"I thought I got it, I got a little excited, definitely, to say the least," said Ross, who had a season-high six RBIs.
Ellsbury doubled to lead off the first against Pedro Hernandez, making his Major League debut, and had three hits with three runs. In three games playing alongside Crawford, the two have set the table for the Red Sox from the top of the lineup.
In six games since returning from a separated shoulder on Friday, Ellsbury is hitting .407 (11-for-27) with three doubles and five runs from the leadoff spot.
Crawford continued to produce in just his third game of the year. He singled and scored in the third inning on Ross' first bomb. Since returning from elbow surgery on Monday, Crawford is 5-for-10 with six runs and three steals.
"Just having Jacoby and Carl back has been huge for us," Ross said. "They're getting on base and creating havoc on the basepaths. It's just nice to be able to have them table set."
Playing without slugger David Ortiz for the second straight game, the Red Sox pounded out 14 hits and scored in double digits for the 13th time this year.
"We had a good day at the plate, a lot of guys," Crawford said. "We know we have to pick up the slack with Papi being out. It was good to see."
With Crawford back in the fold, the Red Sox are 2-1 to open a seven-game homestand. Clay Buchholz is scheduled to start in the series finale vs. Chicago on Thursday.
As the outfield begins to take shape, first baseman Adrian Gonzalez has rediscovered his power. He lifted an opposite-field homer into the Monster Seats in the fourth inning following Ross' second jack. It was the fifth time this year Boston has hit back-to-back homers. Gonzalez added an RBI single in the first and a two-run single in the sixth for a four-RBI night.
Gonzalez has hit safely in 22 of his last 23 games, with the lone exception July 8 vs. the Yankees when he left the game with flu-like symptoms after one at-bat. Over that span, Gonzalez is hitting .404 (38-for-94) with three homers and 19 RBIs.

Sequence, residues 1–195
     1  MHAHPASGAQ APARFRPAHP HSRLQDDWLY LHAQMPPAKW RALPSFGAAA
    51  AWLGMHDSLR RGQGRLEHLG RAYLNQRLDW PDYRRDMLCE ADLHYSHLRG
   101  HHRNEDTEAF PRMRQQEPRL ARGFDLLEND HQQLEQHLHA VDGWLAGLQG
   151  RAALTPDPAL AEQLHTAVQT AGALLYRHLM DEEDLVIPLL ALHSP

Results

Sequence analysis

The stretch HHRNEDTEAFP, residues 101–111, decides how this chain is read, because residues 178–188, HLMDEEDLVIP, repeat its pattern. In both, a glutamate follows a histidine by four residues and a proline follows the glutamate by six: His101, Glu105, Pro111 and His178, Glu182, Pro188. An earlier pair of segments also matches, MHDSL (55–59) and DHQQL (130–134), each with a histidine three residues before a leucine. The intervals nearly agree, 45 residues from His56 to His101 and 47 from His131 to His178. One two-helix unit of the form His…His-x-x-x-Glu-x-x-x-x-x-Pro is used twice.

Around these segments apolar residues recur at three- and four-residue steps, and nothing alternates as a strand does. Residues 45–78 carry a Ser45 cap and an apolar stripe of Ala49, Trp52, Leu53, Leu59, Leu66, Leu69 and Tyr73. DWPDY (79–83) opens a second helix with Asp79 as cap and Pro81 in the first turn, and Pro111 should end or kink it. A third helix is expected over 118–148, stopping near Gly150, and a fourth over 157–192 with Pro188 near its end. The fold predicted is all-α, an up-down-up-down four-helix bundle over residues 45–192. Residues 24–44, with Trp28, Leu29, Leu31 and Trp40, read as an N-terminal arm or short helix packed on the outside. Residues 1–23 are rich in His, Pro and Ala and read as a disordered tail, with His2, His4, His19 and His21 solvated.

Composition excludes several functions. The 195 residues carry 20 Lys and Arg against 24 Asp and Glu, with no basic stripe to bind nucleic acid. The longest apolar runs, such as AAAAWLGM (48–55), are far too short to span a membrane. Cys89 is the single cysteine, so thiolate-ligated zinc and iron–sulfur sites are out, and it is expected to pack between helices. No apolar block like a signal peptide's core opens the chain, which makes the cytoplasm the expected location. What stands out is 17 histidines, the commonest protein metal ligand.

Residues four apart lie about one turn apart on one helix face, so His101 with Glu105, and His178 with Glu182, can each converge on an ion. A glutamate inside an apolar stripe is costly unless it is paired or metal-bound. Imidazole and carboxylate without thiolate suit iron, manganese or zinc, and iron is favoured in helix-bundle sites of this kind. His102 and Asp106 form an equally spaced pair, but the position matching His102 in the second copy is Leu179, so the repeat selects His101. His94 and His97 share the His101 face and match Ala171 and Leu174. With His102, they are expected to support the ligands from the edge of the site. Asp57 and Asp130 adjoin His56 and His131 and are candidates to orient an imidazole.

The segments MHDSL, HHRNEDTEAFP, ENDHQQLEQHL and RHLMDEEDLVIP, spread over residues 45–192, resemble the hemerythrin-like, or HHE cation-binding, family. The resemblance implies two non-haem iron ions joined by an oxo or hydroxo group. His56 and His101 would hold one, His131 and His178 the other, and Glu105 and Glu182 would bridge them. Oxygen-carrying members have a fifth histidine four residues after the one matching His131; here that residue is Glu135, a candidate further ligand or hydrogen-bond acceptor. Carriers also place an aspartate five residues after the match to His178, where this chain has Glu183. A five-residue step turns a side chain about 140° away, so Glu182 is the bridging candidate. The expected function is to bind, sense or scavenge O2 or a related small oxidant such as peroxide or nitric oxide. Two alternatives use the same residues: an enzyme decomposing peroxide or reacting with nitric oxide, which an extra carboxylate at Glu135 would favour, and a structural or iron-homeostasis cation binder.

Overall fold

"He's driving runs in, he's using the whole field, he's hitting all pitches, fouling off the tough ones," manager Bobby Valentine said. "He looks like the real Adrian Gonzalez right at the right time."
Backed by solid run support, Red Sox starter Felix Doubront shut down the White Sox over six strong innings. The left-hander allowed one run on four hits, striking out two against three walks for his 10th win.
He joins Jon Lester as the second Boston pitcher 24 years old or younger to reach double-digit wins in a season since Roger Clemens went 20-9 in 1987 at age 24.
"Since I came to Spring Training I've been working so hard to be here and be in this spot," Doubront said. "I'm just working to get more wins."
The Red Sox got what they expected from Doubront, who improved to 5-0 with a 2.76 ERA following a Boston loss.
Doubront gave up his only run in the first inning, following a 14-minute rain delay at the start of the game. Boston starters have allowed at least one run in the first inning at Fenway Park in 10 straight games for a total of 24 runs. But he settled in as the game progressed and held Chicago scoreless over his final five frames.
"He got better after he got that big lead and that's what you're supposed to do," said White Sox first baseman Paul Konerko, who singled to drive in that first-inning run. "He's got good stuff. His ball moves, nothing's really straight, he's got some weapons up there. You give a guy like that a big lead, that's the way it goes."
Ross' 10 total bases tied Will Middlebrooks for the most in a game for a Red Sox player this season. Middlebrooks did it on May 7 at Kansas City. Fenway Park certainly suits Ross, who has 10 homers and 31 RBIs at home compared to five homers and 16 RBIs on the road.
"The way my swing has developed over time I had a good feeling that this would be a good spot for me," said Ross, in his first year with Boston. "My swing path will create that lift that will allow me to hit a lot of fly balls and this is a great place to hit for a right-handed pull hitter."